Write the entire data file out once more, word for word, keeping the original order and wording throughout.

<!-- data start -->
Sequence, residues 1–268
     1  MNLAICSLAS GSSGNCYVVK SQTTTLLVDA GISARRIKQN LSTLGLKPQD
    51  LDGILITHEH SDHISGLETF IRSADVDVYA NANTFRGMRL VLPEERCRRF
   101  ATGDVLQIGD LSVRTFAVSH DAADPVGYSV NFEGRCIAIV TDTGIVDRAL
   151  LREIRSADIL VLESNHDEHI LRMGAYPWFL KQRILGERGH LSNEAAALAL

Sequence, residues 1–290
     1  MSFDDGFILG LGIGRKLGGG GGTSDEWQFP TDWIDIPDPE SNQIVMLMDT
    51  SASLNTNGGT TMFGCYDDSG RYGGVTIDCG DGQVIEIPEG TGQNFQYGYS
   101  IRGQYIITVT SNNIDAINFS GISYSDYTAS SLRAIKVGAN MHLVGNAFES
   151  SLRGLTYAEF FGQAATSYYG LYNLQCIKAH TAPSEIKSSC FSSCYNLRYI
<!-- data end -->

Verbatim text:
Sequence, residues 1–268
     1  MNLAICSLAS GSSGNCYVVK SQTTTLLVDA GISARRIKQN LSTLGLKPQD
    51  LDGILITHEH SDHISGLETF IRSADVDVYA NANTFRGMRL VLPEERCRRF
   101  ATGDVLQIGD LSVRTFAVSH DAADPVGYSV NFEGRCIAIV TDTGIVDRAL
   151  LREIRSADIL VLESNHDEHI LRMGAYPWFL KQRILGERGH LSNEAAALAL

Sequence, residues 1–290
     1  MSFDDGFILG LGIGRKLGGG GGTSDEWQFP TDWIDIPDPE SNQIVMLMDT
    51  SASLNTNGGT TMFGCYDDSG RYGGVTIDCG DGQVIEIPEG TGQNFQYGYS
   101  IRGQYIITVT SNNIDAINFS GISYSDYTAS SLRAIKVGAN MHLVGNAFES
   151  SLRGLTYAEF FGQAATSYYG LYNLQCIKAH TAPSEIKSSC FSSCYNLRYI